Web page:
Rheingold, H. (2002). The era of sentient things [part 1] [part 2]. In Smart mobs: The next social revolution (pp. 83-112). Cambridge, MA: Perseus Publishing.

Rheingold, H. (2002). Wireless Quilts [part 1] [part 2]. In Smart mobs: The next social revolution (pp. 133-156). Cambridge, MA: Perseus Publishing.

Rheingold, H. (2002). Always on panopticon. In Smart mobs: The next social revolution (pp. 183-215). Cambridge, MA: Perseus Publishing. [The physical book is on reserve at the library reserves desk].

Robins, K. (2000). Cyberspace and the world we live in. In D. Bell & B M. Kennedy (Eds.), The Cybercultures Reader (pp. 77-95). New York: Routledge.

Schmidt, T., & Townsend, A. M. (2003). Why wireless networks want to be free. Communications of the Association for Computing Machinery (ACM), 46 (5), 47-52. (also available at Townsend's homepage:

Taylor, T.L. (2003). Intentional bodies: Virtual environments and the designers who shape them," International Journal of Engineering Education, 19 (1), 25-34. (also available from T.L. Taylor's website at

Townsend, A. (2004). Digitally mediated urban space: new lessons for design. Praxis, 6, 100-105. (also available in Townsend's home page at:

Thomas, A. (2004). Digital literacies of the cybergirl. E-Learning, 1 (3). Retrieved September 29, 2005, from

Turkle, S. (1995). A tale of two aesthetics. In Life on the screen: identity in the age of the Internet (pp. 29-49). New York: Simon & Schuster.

Weiser, M. & Brown, J. S. (1996). Designing calm technology. Power Grid Journal, 1(1). Retrieved April 07, 2005, from

Weiser, M. (1994). The world is not a desktop. ACM Interactions, 1(1), 7-8. Retrieved April 07, 2005, from


Recommended readings:

Benford, S., Flintham, M., Drozd, A., Anastasi, R. Rowland, D., Tandavanitj, N., et. al. (2004). Uncle Roy All Around You: Implicating the city in a location-based performance, Proceedings of the Conference on Advanced Computer Entertainment (ACE), Singapore, June 3-5. Retrieved January 19, 2006 from

Barkuus, L., & Dey, A. (2003). Location-based services for mobile telephony: A study of users’ privacy concerns. Proceedings of the INTERACT 2003, 9TH IFIP TC13 International Conference on Human-Computer Interaction, July. Retrieved January 19, 2006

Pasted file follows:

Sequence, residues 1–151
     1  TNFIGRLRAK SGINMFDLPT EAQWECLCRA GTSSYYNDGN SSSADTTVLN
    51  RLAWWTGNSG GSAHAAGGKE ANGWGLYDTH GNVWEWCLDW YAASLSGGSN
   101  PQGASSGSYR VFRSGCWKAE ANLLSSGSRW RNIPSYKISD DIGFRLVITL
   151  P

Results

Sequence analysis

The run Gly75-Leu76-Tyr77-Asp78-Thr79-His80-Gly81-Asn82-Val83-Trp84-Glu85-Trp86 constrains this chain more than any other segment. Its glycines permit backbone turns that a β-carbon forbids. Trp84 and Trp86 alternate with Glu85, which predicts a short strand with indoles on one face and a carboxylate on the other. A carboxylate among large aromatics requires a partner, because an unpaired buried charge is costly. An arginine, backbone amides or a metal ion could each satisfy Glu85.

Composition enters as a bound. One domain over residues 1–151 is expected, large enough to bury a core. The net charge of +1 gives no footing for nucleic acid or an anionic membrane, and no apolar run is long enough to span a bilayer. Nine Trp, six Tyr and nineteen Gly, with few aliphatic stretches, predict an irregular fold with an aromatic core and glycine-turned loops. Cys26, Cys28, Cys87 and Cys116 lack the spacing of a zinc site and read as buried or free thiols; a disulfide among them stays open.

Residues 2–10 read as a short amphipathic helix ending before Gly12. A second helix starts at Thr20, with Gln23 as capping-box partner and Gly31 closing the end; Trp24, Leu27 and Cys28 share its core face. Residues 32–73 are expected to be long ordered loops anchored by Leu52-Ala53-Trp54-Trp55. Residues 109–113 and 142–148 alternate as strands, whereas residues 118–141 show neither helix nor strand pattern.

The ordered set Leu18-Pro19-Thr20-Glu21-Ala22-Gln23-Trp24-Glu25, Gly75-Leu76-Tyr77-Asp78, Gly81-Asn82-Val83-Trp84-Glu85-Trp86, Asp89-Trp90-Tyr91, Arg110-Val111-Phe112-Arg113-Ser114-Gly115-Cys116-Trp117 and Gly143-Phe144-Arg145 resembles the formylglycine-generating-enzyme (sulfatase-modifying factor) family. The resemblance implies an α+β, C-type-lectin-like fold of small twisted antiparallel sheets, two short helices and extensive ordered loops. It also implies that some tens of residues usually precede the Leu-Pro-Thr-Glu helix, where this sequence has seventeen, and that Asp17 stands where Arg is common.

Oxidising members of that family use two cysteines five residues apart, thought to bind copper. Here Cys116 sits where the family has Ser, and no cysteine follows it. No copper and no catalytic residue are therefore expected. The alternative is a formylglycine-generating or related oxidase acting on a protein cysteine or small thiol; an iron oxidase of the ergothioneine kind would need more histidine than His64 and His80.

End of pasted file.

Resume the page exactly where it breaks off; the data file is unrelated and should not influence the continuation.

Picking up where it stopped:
Bharat, R., & Minakakis, L. (2003). Evolution of mobile location-based services. Communications of the ACM, 12 (46), 61-65.

De Souza e Silva, A. (2004). Defining Cyberspace = Cybernetics + space. In From multiuser environments as (virtual) spaces to (hybrid) spaces as multiuser environments: Nomadic technology devices and hybrid communication places (pp. 20-32). Unpublished doctoral dissertation, Universidade Federal do Rio de Janeiro, Brazil.

De Souza e Silva, A. (2004). From simulations to hybrid space: how nomadic technologies change the real. Technoetic Arts -- an international journal of speculative research, 1 (3), 209-221.

Hayles, N. K. (1999). Contesting for the body of information: The Macy conferences on cybernetics. In How we became post-human: virtual bodies in cybernetics, literature, and informatics(pp. 50-83). Chicago: University of Chicago Press.

Klopfer, E. Squire, K., & Jenkins, H. (2002). Environmental Detectives: PDAs as a window into a virtual simulated world. Proceedings of IEEE International Workshop on Wireless and Mobile Technologies in Education, 95- 98. Retrieved January 19, 2006 from

Manovich, L. (2002). The poetics of augmented space: learning from Prada. Retrived Aug. 16, 2003, from .

Morse, M. (1996). Nature Morte: Landscape and narrative in virtual environments. [Part 1] [Part 2] In: M. A. Moser & D. MacLeod, (Eds.), Immersed in Technology (pp. 195-232). New York: Leonardo Books.

Squire, K.D. (2002). Cultural Framing of Computer/Video Games. Game Studies, 2 (1). Retrieved August 31, 2005, from

Taylor, T.L. (1999). Life in virtual worlds: plural existence, multi-modalities, and other online research challenges, American Behavioral Scientist, 43 (3), 435-449. Retrieved December 13, 2005, from

Turkle, S. (1995). Aspects of the self. [Part 1] [Part 2] In Life on the Screen: identity in the age of the Internet (pp. 177-209). New York: Simon & Schuster.